COMMUNITY spirit is alive and well in Grassington after a number of groups came together to create a wildflower meadow.

In partnership with Grassington in Bloom, children from Grassington Primary School and Yorkshire Dales Millennium Trust (YDMT), an area of species rich wildflowers have been planted on Springfield Road.

The meadow is part of a network of wildlife friendly patches across the Dales that aim to reverse the decline in pollinators.

Catherine Mercer, YDMT’s bee together officer said: “What has really blown me away about this project is the support and enthusiasm from the community. Although Grassington in Bloom have led the project, all sorts of different people have helped out.

“From passers-by who hopped over the wall to help strip turf, to the primary school children who spread wildflower seed. People have lent their time, their tractors and trailers and even space on their farms to make the meadow happen - the village has really come together behind it.”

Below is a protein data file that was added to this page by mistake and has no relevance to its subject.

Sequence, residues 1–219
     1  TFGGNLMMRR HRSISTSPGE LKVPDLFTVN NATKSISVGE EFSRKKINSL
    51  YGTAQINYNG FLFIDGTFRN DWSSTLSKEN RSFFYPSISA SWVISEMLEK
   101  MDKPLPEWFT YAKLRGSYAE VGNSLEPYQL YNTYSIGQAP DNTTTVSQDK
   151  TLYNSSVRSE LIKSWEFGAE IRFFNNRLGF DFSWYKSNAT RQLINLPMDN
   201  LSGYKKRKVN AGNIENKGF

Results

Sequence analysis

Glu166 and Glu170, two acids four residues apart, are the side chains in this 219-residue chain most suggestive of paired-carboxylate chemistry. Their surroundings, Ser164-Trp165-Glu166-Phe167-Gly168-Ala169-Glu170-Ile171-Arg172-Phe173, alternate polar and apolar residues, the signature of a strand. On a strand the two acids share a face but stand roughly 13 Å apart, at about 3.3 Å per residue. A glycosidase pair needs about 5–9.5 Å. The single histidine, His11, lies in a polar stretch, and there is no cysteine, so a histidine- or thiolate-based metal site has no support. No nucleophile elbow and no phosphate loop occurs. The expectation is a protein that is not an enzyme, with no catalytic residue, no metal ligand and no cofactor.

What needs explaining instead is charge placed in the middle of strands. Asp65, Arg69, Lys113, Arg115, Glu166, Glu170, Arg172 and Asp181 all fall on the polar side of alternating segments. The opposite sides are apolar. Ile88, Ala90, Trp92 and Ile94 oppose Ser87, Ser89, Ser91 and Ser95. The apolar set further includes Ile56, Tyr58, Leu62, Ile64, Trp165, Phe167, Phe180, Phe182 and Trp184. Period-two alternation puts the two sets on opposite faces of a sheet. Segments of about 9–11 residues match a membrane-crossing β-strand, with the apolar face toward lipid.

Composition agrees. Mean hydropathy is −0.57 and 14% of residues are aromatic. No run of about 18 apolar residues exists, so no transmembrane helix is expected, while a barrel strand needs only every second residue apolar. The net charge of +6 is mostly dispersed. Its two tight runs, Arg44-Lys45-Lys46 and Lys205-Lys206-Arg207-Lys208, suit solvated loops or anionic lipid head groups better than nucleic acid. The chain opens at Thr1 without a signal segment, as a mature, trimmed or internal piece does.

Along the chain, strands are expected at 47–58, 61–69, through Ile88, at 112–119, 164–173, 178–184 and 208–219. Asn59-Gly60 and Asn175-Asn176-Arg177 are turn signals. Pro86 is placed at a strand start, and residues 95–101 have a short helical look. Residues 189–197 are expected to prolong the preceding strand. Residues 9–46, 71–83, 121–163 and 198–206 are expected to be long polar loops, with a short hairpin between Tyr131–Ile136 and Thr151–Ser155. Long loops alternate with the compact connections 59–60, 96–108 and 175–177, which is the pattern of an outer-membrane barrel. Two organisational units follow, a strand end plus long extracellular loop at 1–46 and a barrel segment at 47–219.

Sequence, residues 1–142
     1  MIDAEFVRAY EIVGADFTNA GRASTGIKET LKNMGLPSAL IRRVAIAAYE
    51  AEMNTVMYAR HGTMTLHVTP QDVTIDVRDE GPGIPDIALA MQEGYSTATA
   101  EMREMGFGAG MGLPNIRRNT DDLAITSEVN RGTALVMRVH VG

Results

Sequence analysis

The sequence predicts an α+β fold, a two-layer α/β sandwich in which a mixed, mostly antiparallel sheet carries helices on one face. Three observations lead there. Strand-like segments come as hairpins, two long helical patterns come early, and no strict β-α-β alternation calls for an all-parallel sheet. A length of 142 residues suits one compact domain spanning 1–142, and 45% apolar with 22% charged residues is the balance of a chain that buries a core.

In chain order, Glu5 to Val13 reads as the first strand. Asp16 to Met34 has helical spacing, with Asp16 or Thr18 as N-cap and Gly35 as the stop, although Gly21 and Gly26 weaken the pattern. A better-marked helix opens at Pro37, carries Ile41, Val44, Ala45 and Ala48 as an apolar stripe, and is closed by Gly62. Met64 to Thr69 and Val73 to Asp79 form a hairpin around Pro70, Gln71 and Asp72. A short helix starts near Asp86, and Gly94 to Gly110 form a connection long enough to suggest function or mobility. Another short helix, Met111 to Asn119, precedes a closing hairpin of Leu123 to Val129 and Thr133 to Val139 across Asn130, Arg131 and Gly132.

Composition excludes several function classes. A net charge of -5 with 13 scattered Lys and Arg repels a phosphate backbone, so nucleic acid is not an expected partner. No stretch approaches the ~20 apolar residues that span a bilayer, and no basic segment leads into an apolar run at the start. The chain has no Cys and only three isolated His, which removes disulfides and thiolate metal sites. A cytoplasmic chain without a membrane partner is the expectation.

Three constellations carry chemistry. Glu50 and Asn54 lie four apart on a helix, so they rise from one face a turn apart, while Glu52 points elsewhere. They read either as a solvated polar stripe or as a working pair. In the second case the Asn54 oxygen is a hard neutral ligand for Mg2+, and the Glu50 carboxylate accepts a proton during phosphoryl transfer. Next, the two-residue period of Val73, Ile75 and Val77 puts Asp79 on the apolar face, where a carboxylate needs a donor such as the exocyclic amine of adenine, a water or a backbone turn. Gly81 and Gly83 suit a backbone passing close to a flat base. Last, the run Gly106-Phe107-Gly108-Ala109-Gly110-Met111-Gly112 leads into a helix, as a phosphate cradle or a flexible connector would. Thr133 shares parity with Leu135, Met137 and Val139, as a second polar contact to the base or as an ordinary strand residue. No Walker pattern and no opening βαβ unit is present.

Bee Together is a programme supported by the National Lottery Heritage Fund which aims to work with local communities to create habitats that could help reverse the decline of wild pollinators.

It seeks to create a corridor of these important habitats between Leeds and Lancaster, contributing to a national network of ‘B-Lines’ mapped by Buglife.

Buglife is working with a number of partners to restore and create wildflower-rich habitat stepping stones – ideal for pollinators like bees and butterflies and a host of other wildlife.

This B-line crosses the Yorkshire Dales, the Aire Valley and Lancashire, and is supported by John Chambers Wildflower Seed, which has donated native wildflower seed.

“Bringing communities together to take action for pollinators is what the Bee Together project is all about,” added Ms Mercer. “I’m really looking forward to seeing the meadow in Grassington flourish – and the fun people will have managing it.”